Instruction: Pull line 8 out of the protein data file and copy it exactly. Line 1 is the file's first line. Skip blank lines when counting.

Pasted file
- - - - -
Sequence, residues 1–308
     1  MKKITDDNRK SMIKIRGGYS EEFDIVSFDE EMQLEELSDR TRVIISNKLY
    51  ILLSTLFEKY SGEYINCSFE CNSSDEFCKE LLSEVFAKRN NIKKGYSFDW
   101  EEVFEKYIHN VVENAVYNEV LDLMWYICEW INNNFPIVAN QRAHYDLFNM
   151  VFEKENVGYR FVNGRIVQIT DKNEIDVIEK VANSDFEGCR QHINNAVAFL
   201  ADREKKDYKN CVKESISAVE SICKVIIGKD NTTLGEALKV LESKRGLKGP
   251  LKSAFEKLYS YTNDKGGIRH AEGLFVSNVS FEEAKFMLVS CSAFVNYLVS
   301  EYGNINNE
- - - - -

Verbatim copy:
   301  EYGNINNE